If you take a look out into the world, you’ll see pretty quickly that the currency of most of our interactions and decisions is “Knowing”.
If you’re going to take an action, you better “know” what the result is going to be. What is the return on investment for this decision that I’m going to make? Can you please tell me, so that then I’ll know, and then I’ll be able to make a choice one way or the other.
Knowing is the realm of the intellect.
It is our brain pulling together all of the information it has available and ensuring that the path forward is clear, understood and predictable.
Predictability is safety.
If I can predict how things will unfold, then I can assess all of the risks inherent to a particular path, mitigate those risks, and then I’ll know I’m going to be alright.
Knowing stands in distinct opposition to trust and faith.
In fact, knowing is antithetical to trust and faith. We seek to know, via our intellect, precisely so that we do not need to have trust and faith.
As our lives become more and more guided by our knowing, our muscle for trusting in something beyond what we can “figure out” atrophies. We lose our ability to lean over the edge and tumble into the great unknown, trusting that we will find some way to reach the ground safely.
We live lives rooted in knowing. Knowing the right answers, or at least knowing the wrong answers so that we can avoid them (or preemptively acknowledge that we’re going to get it wrong, and then manage how that will turn out).
Knowing who will break our heart, who will hurt us, and who will annoy us, so that we can avoid all of those people (never mind the possibility and opportunities they may represent if we were instead able to use them in service of our own healing).
If not for the fact that the statistics tell us time and again how important a higher-education is, people would rarely if ever head off to universities and colleges for anything but the degrees that provide a clear, known path to making us money and ensuring we can live a comfortable life.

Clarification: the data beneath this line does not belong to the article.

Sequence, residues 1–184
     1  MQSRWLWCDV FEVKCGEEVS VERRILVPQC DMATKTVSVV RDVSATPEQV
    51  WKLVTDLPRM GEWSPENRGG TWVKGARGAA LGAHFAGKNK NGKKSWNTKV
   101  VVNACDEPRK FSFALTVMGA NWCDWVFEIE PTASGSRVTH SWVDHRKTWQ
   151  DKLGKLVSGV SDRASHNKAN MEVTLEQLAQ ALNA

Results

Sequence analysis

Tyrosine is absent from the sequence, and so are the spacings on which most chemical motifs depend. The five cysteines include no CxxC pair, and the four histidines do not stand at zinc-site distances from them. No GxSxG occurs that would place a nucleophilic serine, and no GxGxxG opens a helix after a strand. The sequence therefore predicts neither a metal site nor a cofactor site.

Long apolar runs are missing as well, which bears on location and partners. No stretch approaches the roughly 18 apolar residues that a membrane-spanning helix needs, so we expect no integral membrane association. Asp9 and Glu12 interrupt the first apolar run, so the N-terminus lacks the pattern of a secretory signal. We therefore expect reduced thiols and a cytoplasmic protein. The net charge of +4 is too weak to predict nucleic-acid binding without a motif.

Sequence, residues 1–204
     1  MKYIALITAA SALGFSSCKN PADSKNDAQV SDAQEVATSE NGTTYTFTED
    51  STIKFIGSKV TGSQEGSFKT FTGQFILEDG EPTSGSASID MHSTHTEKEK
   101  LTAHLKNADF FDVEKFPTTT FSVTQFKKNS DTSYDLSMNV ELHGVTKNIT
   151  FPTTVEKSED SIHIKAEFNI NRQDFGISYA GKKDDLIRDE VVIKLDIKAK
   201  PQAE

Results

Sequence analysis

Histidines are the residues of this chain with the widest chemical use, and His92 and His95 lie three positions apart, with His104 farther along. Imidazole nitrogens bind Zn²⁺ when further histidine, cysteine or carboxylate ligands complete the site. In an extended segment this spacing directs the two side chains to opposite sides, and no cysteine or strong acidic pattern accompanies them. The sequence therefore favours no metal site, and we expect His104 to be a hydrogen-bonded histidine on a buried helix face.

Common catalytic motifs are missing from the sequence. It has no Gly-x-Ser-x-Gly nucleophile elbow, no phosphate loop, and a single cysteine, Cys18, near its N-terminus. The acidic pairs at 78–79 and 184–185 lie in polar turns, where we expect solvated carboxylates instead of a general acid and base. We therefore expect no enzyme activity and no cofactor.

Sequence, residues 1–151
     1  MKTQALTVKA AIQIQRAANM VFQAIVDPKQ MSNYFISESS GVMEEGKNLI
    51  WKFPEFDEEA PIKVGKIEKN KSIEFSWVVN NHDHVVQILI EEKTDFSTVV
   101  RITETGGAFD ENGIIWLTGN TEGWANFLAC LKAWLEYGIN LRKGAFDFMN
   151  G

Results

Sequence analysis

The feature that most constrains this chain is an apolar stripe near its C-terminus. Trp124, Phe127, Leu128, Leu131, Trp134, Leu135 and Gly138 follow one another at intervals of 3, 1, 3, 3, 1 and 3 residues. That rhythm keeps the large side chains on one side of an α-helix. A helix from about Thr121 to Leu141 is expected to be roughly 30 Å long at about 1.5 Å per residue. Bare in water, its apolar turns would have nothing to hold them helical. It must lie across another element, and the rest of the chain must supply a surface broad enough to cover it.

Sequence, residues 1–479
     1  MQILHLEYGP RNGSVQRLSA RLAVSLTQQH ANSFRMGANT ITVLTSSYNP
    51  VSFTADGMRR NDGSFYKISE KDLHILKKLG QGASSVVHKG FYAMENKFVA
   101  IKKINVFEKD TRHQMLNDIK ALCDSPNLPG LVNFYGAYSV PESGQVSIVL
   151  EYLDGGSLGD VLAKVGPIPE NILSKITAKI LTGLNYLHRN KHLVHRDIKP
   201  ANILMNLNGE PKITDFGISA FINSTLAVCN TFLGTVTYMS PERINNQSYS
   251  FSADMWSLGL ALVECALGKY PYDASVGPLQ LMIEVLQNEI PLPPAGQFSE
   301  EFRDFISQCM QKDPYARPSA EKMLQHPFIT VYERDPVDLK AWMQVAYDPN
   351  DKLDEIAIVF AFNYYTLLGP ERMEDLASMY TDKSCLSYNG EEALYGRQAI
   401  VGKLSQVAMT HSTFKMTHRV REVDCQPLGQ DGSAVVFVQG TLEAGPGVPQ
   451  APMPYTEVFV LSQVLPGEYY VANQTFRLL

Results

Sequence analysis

Here’s the caveat: Knowing is important.
Our intellect is here in our lives for a purpose, just like our vehemence, our anger, our sadness, our egos and every other beautiful part of who we are.
The problem isn’t that we have an intellect, nor that it supports us to “know”. It’s that this becomes the sole means through which we live our lives.
When our muscle in trust and faith atrophies and falls away, we’re left exclusively living lives of “knowing”.
Down this path, life starts to feel like sitting down to play a board game, and knowing in advance every single step along the way that is going to be taken. Sure, taking that step for the first time is novel, but that novelty wears off fast. Life starts to feel boring. A little grey. A little dried up.
We can’t get to an experience of life in partnership with trust and faith via our knowing. No amount of trying to “figure out” how you can trust something will work, because trust exists outside of the space of your intellect.
Trust exists in that space when you feel called into something, don’t understand how it makes sense rationally, and yet feel called into it all the same.
That experience can exist in small moments, like when you feel called to order something new at a restaurant or when you’re gazing into the eyes of someone you just met. Or it can exist in the big moments, like sitting at your desk realizing this career you’ve built isn’t for you, and you’re ready for something else.
Trust begins when we take a step into trust.
And that step will typically exist beyond the bounds of your knowing.